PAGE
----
In the previous post (Label Switched Multicast – An Introduction) in this series on Label Switched Multicast (LSM) I introduced the concepts behind LSM and draft-rosen, the two most poplar methods for transporting multicast traffic through MPLS Layer 3 VPNs.
In this article I will talk through the configuration of LSM on the PE and P routers and get to the point where two CEs are successfully passing multicast traffic via the MPLS network. All of the configuration examples will be relevant to Cisco IOS.
As was the case in the introduction article in the series, it’s best if you already have a good understanding of multicast and MPLS before reading this article.
At the end of this article you’ll be able to start configuring your own LSM environment using the configuration samples here as a template.
To the CLI!
Configuring the Provider Network
In order to keep this post on point, I’m going to start on the basis that basic routing, LDP and MP-BGP are already configured and that unicast traffic is successfully flowing between all CEs.
The basic topology being used here is the same as the one in the introduction post:
Within the provider’s network the configuration is really straightforward: there’s actually nothing to do. Remember from the introduction post that LSM doesn’t use any additional control plane protocols in the MPLS network. LSM also doesn’t require any special configuration of LDP or BGP. The only requirement that needs to be met is that the PE and P routers are all running software that supports the multicast extensions to LDP (aka, mLDP).
You can find information on which versions and trains of Cisco IOS support mLDP by using the Cisco Feature Navigator (www.cisco.com/go/fn) and searching for a feature called “MLDP-Based MVPN” or “Label Switched Multicast (LSM) Multicast Label Distribution Protocol (mLDP) based Multicast VPN (mVPN) support“.
All configuration related to LSM is actually done on the PEs within the VRF(s) that need to carry multicast traffic.
Configuring a VRF for LSM
Configuring a VRF can be broken down into three steps:
- Configuring the VPN ID
- Configuring the root of the Default Multicast Distribution Tree (MDT) (aka, the Multipoint-to-Multipoint [MP2MP] tree)
- Enable creation of Data MDTs (aka, the Point-to-Multipoint [P2MP] trees)
The VPN ID
The VPN ID is a unique identifier for each VPN in the MPLS network. It’s used to build the opaque value that PEs use when signaling their intention to join a P2MP tree. When the PE that’s initiating the join includes the VPN ID in their LDP messages, the receiving PEs can identify which VPN the sender is interested in.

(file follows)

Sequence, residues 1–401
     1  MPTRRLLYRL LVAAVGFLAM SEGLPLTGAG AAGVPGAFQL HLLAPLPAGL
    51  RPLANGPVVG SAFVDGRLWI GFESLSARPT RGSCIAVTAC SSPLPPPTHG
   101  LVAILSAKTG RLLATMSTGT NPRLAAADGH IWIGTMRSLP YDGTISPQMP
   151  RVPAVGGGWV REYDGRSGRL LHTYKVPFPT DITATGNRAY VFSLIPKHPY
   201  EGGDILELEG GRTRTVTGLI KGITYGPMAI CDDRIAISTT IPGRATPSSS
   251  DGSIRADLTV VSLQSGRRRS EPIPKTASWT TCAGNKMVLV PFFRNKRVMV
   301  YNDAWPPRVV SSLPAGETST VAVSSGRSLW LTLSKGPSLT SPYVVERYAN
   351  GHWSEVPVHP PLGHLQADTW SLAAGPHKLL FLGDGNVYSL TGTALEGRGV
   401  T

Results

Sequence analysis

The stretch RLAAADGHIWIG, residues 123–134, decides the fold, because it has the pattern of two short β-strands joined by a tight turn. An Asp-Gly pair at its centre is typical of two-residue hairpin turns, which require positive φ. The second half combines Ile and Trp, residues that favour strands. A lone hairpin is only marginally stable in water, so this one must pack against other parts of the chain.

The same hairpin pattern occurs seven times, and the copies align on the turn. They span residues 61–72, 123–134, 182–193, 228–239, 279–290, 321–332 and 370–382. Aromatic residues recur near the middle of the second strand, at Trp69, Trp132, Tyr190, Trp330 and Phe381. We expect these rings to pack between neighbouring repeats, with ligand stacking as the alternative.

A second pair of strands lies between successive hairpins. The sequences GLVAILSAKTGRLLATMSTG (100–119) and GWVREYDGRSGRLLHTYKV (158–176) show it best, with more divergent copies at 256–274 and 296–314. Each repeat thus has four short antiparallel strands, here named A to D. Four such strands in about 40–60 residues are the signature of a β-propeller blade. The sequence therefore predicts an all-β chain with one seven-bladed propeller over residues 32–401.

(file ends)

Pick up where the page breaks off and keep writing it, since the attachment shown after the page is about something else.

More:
The VPN ID is configured with the
vpn id OUI:index command. The OUI is typically the same value across all VRFs and can be set to the ASN that the PEs belong to. The index is a value that’s unique to every VRF, but for any given VRF, has the same value on every PE.
vrf definition BLUE vpn id 65535:10
In this example, I used 65535 as the OUI (which is the same as the ASN in the demo network) and arbitrarily chose 10 as the index for VRF BLUE.
I’m using the
vrf definition syntax to define the VRFs in this sample network. The commands in this post work just fine with the
ip vrf syntax as well.
The Default Tree Root
The root of the Default MDT needs to be statically defined on all PEs. The root doesn’t have to be a PE — it could be a P router — but all PEs must be configured with the same root IP address. The root node itself doesn’t really take on any additional responsibility; it does not hold more multicast state, but it does hold some additional labels in the MPLS LIB/LFIB. Mostly the root just exists because the Default MDT has to be rooted somewhere.
The root is configured on all of the PEs with the
mdt default mpls mldp <ip> command. And that’s it. Nothing needs to be explicitly configured on the root node itself.
vrf definition BLUE address-family ipv4 mdt default mpls mldp 192.168.255.10
In the sample network, the P router (192.168.255.10) is the Default MDT root.
Enabling Data MDTs
The Data MDTs are spawned on demand and are automatically rooted at the PE where the multicast traffic is entering the MPLS network. As such, no explicit root needs to be configured.
By default, IOS will not create any Data MDTs and will leave all traffic on the Default MDT.
To enable Data MDTs, tell IOS the maximum number of trees it’s allowed to create:
vrf definition BLUE address-family ipv4 mdt data mpls mldp 10
In this case I’ve arbitrarily picked a max number of 10.
General Multicast Config
Aside from the LSM-specific configurations, the PEs also need general multicast configuration, such as:
Enabling multicast in the VRF:
ip multicast-routing vrf BLUE
Configuring the rendezvous point address (assuming PIM-SM or Bidir-PIM):
ip pim vrf BLUE rp-address <ip>
Enabling IGMP on the interfaces towards the CEs (the way you enable IGMP is by enabling PIM on the interface; there is no explicit way to enable just IGMP):
interface ethX/Y ip pim passive
Even though LSM might seem daunting at first, it’s really very simple and easy to configure. Since LSM leverages the same control and data plane mechanisms as unicast MPLS, the LSM config just builds on what’s already there from a unicast MPLS perspective.
Here is a summary of the LSM/multicast config for the PEs in the sample network:
vrf definition BLUE vpn id 65535:10 address-family ipv4 mdt default mpls mldp 192.168.255.10 mdt data mpls mldp 10 ip multicast-routing vrf BLUE ip pim vrf BLUE rp-address 192.168.254.100 int eth0/0.10 ip pim passive
In the next article in this series on LSM, I will do a packet walk of multicast traffic entering the MPLS network, crossing the Default MDT and then observing the switchover to a Data MDT.